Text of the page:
How the COVID Pandemic Impacts Student Engagement
How COVID Impacts Student Engagement
At the moment, there's immense pressure on school staff to maintain current enrollment numbers in this era. This is especially true since we've seen how COVID impacts student engagement negatively.
For many colleges, the coronavirus turned an already bleak financial situation dire in higher ed. Now, the 2020-2021 academic year is a “make or break” situation.
What we know (so far)
Current enrollment levels are aligning with the predictions we made regarding fall enrollment in the spring. For instance, almost one-third of college students stated that they were considering not returning in the fall after this past spring semester.
We now know that many students are taking time off from school during COVID. However, contrary to our expectations, few have transferred to lower-cost or closer-to-home two-year schools.
Also, as we've mentioned in previous blog posts, community colleges have been the hardest hit of COVID in academia. They're witnessing enrollment declines anywhere from 5% to 30%, regardless of whether they're offering face-to-face or online learning this fall.
In a recent survey by Inside Track, 80% of higher ed leaders say that retention is their number one priority for the 2020-2021 academic year. Similarly, an Inside Higher Education Survey found that student engagement is the greatest concern among college staff. This is specifically because student engagement is the strongest predictor of student satisfaction and retention.
COVID's impact on the fall semester
The higher ed community hoped to return to campus in the fall for students’ mental and academic wellbeing. Additionally, for some students, returning to campus would promote their own financial stability, if they have on-campus jobs.
In June, 74% of colleges announced they were committed to in-person instruction. However, the number of COVID cases rose during the summer in many states. Also, large outbreaks have already occurred on several campuses this fall.
Thus, once again, a major shift to remote and hybrid instruction is underway. For instance, schools using technology to mediate their curricula have already announced that they don't plan to change back to face-to-face in the spring.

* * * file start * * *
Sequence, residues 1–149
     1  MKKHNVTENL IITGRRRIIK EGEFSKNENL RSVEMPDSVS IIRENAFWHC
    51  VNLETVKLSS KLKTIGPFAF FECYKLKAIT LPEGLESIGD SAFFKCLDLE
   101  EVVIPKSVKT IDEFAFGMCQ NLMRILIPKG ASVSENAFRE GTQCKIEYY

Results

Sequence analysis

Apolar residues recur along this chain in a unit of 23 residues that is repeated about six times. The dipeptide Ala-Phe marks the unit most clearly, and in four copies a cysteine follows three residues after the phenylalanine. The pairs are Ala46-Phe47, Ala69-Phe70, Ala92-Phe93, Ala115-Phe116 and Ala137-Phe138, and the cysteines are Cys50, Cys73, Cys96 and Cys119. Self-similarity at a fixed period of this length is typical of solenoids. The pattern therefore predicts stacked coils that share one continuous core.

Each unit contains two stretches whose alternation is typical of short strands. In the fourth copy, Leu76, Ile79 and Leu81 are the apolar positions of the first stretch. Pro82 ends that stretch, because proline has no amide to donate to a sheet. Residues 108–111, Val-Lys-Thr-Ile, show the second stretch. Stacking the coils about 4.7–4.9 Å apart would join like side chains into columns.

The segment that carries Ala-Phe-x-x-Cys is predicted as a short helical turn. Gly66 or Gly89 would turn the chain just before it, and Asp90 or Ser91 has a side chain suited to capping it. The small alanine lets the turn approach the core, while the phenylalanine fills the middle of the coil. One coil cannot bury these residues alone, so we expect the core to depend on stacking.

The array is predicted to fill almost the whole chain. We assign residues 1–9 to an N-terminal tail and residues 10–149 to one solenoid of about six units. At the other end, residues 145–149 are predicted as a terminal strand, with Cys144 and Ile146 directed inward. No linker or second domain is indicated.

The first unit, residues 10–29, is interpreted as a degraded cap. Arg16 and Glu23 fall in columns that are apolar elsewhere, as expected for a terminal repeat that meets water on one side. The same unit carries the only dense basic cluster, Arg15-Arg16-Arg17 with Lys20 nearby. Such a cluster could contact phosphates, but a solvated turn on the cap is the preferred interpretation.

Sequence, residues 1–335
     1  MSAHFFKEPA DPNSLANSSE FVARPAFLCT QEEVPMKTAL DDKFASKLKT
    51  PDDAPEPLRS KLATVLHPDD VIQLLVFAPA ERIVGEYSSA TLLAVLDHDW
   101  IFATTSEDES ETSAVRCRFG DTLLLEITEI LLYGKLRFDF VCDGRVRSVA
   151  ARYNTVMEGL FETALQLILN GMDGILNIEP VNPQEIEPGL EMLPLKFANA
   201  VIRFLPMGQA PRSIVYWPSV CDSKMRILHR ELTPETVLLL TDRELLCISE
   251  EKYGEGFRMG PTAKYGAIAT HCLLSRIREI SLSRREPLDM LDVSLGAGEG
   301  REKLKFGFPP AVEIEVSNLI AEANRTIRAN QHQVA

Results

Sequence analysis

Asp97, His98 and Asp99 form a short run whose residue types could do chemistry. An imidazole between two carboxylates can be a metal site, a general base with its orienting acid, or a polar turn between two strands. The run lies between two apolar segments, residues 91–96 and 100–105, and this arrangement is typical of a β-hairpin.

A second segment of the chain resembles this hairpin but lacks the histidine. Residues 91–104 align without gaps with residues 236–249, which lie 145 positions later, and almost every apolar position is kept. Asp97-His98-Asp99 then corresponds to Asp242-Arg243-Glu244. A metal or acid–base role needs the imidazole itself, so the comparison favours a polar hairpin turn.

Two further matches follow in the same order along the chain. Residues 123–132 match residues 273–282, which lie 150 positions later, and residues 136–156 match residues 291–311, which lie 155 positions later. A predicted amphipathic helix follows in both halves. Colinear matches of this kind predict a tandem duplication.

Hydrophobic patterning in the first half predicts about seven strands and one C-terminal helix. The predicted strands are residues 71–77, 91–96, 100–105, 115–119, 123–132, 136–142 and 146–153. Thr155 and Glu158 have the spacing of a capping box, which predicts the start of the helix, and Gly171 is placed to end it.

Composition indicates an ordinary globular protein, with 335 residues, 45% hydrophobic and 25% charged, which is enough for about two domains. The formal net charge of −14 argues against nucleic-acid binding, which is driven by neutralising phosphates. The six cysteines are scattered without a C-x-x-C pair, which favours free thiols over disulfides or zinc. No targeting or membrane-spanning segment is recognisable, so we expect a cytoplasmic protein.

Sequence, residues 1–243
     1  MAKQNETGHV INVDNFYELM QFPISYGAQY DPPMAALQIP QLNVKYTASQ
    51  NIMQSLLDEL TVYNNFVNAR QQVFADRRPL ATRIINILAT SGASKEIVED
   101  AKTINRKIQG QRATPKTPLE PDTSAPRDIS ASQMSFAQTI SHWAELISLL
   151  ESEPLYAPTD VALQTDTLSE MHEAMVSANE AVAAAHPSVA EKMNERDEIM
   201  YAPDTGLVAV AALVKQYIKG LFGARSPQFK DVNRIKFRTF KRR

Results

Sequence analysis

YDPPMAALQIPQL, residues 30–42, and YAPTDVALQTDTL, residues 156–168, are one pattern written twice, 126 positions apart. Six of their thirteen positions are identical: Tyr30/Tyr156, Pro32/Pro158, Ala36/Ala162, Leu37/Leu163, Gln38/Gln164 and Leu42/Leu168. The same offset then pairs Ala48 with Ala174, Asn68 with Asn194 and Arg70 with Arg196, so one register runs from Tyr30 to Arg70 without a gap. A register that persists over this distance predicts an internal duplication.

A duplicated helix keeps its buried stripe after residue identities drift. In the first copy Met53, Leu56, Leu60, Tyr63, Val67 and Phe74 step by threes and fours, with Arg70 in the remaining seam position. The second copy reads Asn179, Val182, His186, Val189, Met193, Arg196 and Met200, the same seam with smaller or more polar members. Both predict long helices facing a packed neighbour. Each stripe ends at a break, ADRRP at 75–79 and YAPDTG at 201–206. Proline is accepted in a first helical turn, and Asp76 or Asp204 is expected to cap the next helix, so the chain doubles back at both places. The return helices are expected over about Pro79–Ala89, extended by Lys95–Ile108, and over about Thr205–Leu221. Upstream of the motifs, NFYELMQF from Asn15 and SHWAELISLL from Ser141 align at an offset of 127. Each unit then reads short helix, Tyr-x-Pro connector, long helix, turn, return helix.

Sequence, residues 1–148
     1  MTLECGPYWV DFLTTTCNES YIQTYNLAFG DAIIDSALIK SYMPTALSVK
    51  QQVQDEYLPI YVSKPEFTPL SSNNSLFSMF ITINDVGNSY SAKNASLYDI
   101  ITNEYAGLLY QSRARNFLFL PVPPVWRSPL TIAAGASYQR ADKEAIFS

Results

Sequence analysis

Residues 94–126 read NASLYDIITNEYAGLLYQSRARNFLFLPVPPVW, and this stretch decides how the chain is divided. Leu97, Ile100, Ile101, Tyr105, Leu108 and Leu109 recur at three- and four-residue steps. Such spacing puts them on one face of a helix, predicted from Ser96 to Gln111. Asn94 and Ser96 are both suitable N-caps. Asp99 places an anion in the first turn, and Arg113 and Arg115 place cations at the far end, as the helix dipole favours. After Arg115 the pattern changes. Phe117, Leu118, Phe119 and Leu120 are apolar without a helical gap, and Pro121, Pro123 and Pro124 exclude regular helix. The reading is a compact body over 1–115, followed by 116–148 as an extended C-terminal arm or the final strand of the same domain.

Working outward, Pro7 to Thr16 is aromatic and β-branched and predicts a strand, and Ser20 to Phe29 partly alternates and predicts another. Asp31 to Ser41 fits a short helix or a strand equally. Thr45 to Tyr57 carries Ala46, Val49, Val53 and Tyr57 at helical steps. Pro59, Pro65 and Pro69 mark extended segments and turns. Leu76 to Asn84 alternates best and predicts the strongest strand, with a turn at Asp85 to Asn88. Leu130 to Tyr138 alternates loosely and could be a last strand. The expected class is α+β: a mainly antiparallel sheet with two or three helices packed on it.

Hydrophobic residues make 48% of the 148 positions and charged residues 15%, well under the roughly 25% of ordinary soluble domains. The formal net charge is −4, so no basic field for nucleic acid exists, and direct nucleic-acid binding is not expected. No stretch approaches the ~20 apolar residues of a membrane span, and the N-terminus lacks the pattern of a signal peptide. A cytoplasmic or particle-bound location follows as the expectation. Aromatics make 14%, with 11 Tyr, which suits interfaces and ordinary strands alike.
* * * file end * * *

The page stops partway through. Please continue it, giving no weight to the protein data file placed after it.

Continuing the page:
COVID impacts student engagement by creating a new learning environment
Even if students remain on campus this fall, more technology-mediated instruction and social distancing will be used. This means that students aren't able to interact with faculty and peers as they normally would–which is another area that COVID impacts student engagement.
For most students, this transition is not a welcome one.
Surveys show that the majority of college students felt their spring 2020 learning experience was lower quality than previous semesters. Faculty who had never taught online, much less ever enrolled in an online class before, had to shift to a new medium—one that required an entirely different set of skills.
Many students without access to the necessary technology, internet access, and space in the home are also experiencing the frustrations of online learning. In other words, pursuing success as an online learner requires a different skill set. For instance, there is a greater need to stay motivated, to effectively manage time, and to proactively reach out to instructors for support.
By the numbers
When students were asked to reflect back on a spring 2020 online course that “was most important to their future goals,” started out as face-to-face, and then moved online, 79% stated they struggled to stay motivated to attend class and get their work done. When asked what aspects changed for the worse, the three most frequent answers were:
- 65%: Opportunities to Interact with Fellow Students and/or the Instructor
- 57%: Being Self-motivated to Stay Interested and Engaged in the Course
- 50%: Feeling as if They Were Learning on Their Own Rather Than as a Member of a Class
How online learning during COVID impacts student engagement
It's clear that students miss interacting with their professors in real-time. Meaningful relationships with faculty are crucial to cementing school attachment and student retention. For instance, of all campus staff, students typically spend the most time with their professors because they see them on a regular basis.
Students want to feel that their professors care about them personally and they want to know that faculty are just as emotionally invested in their success as they are themselves. In fact, the odds of being psychologically attached to their school are 6.2 times higher if students believe that professors care about them as a person.
This connection, however, is strained in online settings. This is especially true with asynchronous courses where students cannot ask an instructor questions during pre-recorded lectures. They also can't hear instructors' answers to other students' questions.
Students are also are mourning the loss of campus traditions, social events, and everything they'd expected from their college experience. Research shows that the level of involvement in clubs, sports, and other groups predicts feelings of satisfaction. Also, campus participation builds relationships and increases feelings of belonging.